Humans place inordinate value at an emotional level upon what they can see, as opposed to what is visible with all their other senses. A good amount of scientific study shows in fact that in many situations we place too much emphasis on visual cues taken from pictures and tend to divorce those pictures from what we know about the rest of the context about a fact, or ignore what information we don’t have about context, which makes our understanding imperfect. As noted in this excellent piece from the New Yorker, divining the truth from a picture can sometimes be a challenge even for people who are highly trained almost exclusively to divine truth from pictures, like radiologists.

None of this changes the fact, however, that as humans we react powerfully to what we can see and usually ignore what we don’t, at least on an emotional level.

If we hear that Ray Rice punched out his fiancée, and only see the aftermath, we’re mad. If we see Ray Rice punching out his fiancée, we’re furious.

It may not be particularly fair to Ray Rice that he gets a third round of punishment from his employers, separate from the legal system, because more video of the incident reaches the public’s eyes. But I’m just not that bothered about unfairness of the circumstances for a guy who knocked out his fiancée and, considering how hard her head hit that metal railing in the elevator, came chillingly close to inflicting traumatic brain injury.

Monday night, word broke that “TMZ says they are dropping big news that the NFL turned a blind eye to the Ray Rice video.” By the time you read this, this story may have taken another awful chapter. We’ll see what they mean by “turned a blind eye.”

One wonders if NFL Commissioner Roger Goodell might have to fall on his sword as his decision to initially suspend Rice for a mere two games grows ever more inexplicable. Can he reassure the fan bases, the media, and the owners that he’s got the good judgment to handle these sorts of disciplinary issues?

The long-simmering issue of NFL player behavior may be reaching a tipping point. By some measurements, the arrest rate for NFL players is significantly lower than that of the public at large.To paraphrase what I heard on the car radio from ESPN’s Colin Cowherd a few days ago, you’re dealing with a population of young healthy men with extraordinary amounts of money and fame, residing in the nation’s biggest and most glamorous cities and with very little to do for half the year besides stay in shape. Some of these guys come from rough neighborhoods and have no-good friends, and that doesn’t count all of the opportunists who pop up once a young man, quite often with limited college education, suddenly has money to burn. He says he’s surprised the arrest rate is as low as it is. A large portion of NFL player arrests are DUIs, reckless driving, drunk and disorderly, drug possession — not harmless, but not exactly surprising considering the circumstances.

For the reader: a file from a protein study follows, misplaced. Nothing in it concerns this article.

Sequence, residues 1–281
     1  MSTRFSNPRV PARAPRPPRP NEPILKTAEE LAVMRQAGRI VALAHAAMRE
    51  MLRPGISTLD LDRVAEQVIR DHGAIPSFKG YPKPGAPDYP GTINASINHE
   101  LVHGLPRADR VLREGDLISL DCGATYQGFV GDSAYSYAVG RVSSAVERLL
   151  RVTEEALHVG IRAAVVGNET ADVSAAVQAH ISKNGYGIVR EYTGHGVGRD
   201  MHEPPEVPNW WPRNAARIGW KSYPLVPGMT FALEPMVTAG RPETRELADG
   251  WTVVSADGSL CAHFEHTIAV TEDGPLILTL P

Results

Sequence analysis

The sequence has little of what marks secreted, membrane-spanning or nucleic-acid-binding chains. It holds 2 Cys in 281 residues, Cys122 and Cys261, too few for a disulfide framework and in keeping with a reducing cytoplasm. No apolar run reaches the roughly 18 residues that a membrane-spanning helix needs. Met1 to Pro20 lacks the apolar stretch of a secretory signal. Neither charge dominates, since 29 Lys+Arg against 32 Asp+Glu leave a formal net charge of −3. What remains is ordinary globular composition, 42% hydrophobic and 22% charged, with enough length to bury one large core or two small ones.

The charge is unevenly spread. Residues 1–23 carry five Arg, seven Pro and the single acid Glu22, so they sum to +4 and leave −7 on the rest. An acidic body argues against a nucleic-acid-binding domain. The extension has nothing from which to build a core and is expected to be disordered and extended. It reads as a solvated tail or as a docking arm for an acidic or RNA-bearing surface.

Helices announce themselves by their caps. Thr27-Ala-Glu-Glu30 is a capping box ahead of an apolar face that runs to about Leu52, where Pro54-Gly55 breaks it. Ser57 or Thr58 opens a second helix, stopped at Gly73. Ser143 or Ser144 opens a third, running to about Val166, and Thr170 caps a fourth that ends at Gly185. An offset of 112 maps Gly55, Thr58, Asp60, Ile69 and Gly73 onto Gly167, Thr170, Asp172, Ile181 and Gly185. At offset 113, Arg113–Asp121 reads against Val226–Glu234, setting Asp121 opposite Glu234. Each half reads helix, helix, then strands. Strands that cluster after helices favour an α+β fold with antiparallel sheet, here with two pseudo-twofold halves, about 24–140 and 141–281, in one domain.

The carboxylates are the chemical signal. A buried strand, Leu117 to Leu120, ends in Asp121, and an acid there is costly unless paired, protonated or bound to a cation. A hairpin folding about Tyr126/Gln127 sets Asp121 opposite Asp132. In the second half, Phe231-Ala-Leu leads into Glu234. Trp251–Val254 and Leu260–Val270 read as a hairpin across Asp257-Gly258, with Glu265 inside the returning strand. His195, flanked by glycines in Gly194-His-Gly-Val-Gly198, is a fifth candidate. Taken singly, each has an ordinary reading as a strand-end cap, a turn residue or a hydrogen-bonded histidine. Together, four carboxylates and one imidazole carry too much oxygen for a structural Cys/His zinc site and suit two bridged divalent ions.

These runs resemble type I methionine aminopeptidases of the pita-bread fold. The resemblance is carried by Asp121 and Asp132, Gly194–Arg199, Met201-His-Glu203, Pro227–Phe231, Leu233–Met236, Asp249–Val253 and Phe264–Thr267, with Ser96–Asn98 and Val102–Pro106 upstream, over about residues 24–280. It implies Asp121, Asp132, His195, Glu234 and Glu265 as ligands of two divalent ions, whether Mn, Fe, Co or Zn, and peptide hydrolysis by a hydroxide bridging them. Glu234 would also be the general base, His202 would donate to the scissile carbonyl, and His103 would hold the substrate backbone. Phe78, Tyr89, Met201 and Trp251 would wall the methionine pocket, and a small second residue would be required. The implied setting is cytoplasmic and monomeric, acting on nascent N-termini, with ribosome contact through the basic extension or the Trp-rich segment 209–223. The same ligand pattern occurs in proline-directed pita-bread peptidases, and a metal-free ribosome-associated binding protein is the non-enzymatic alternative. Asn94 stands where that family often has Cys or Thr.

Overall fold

But we, the public, paying for those monster salaries and buying the jerseys and doing all the things we do to financially support the players, have a right to expect better behavior. Or perhaps we have a right to expect our legal system to stop letting professional athletes out with a comparable slap on the wrist. Aaron Hernandez is on trial for murder; the Cowboys’ Josh Brent got 180 days in jail for a DUI car crash that killed his teammate, and Donté Stallworth served 30 days in jail for a DUI manslaughter charge after killing a pedestrian. (He’s now signed with the Huffington Post Huffies as a national-security correspondent.)

We’ve never seen anything like this befo–

Okay, we’ve rarely seen anything like this before now.

Tags: Ray Rice , NFL


New Nikki Haley Ad in South Carolina: ‘Crickets’


A new ad from the reelection campaign of Governor Nikki Haley of South Carolina:

No one has publicly polled this race since July, but the last three surveys had Haley ahead by a significant margin.

Tags: Nikki Haley , Vincent Sheheen

Summarizing This Morning’s Poll for Democrats: DOOM DOOM DOOM.


From the Tuesday edition of Morning Jolt:

Summarizing This Morning’s Poll for Democrats: DOOM DOOM DOOM.

Good morning, Mr. President!

With the midterm elections looming, Americans by a 10-point margin, 52-42 percent, see his presidency more as a failure than a success.

Just 38 percent now approve of Obama’s handling of international affairs, down 8 percentage points since July to a career low; 56 percent disapprove, a majority for the first time. Fifty-two percent say he’s been too cautious in dealing with Islamic insurgents in Iraq and Syria. And the public is ahead of Obama in support for a military response to that crisis, with 65 percent in favor of extending U.S. air strikes to Syria.

At home, with Obama holding off his promised executive action on immigration reform, a new low of just 31 percent approve of his handling of immigration. Fifty-nine percent disapprove, up by a broad 18 points from spring 2013, when progress on the issue seemed imminent.

And good morning, congressional Democrats!

Registered voters divide by 46-44 percent between the Democrat and the Republican in their congressional district. Among those who say they’re certain to vote, that goes to a 47-44 percent Republican-Democratic race, underscoring the GOP’s customary advantage in midterm turnout. As a rough guide, when the Democrats lack a double-digit lead among registered voters in the generic matchup, they’re at some risk.